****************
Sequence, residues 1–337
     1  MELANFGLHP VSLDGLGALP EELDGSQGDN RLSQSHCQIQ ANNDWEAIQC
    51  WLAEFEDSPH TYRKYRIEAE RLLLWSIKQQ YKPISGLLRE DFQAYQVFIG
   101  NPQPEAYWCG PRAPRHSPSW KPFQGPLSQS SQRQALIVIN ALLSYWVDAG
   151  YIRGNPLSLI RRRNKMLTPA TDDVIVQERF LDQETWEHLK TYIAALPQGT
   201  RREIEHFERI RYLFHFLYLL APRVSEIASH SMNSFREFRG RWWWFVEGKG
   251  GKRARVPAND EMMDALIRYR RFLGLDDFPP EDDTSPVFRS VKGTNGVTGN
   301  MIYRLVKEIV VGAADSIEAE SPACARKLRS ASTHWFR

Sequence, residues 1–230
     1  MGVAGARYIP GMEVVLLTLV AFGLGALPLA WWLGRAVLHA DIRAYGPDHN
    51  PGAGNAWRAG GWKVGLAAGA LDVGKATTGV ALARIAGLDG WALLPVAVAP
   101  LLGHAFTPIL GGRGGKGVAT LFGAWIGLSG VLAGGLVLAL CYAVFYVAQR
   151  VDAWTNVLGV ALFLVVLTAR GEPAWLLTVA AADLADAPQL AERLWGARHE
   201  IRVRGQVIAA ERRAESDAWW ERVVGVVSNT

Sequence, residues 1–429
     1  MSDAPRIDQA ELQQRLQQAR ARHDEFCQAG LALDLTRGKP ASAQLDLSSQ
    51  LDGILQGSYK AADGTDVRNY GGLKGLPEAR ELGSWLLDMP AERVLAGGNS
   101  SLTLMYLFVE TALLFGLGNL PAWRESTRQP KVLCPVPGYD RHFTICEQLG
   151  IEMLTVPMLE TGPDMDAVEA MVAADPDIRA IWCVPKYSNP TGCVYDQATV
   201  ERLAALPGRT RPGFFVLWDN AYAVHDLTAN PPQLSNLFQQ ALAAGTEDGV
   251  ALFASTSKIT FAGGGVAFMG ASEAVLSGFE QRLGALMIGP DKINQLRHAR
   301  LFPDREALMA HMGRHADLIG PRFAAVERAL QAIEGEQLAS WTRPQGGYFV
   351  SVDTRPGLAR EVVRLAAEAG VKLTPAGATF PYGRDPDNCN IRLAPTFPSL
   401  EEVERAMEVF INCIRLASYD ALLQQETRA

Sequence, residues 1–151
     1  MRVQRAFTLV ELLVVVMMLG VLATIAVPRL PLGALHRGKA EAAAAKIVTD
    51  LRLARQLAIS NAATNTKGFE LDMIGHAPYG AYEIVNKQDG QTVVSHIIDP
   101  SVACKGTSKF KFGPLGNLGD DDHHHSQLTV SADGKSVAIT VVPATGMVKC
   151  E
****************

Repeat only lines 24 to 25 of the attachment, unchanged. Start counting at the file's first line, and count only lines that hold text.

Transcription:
   401  EEVERAMEVF INCIRLASYD ALLQQETRA

Sequence, residues 1–151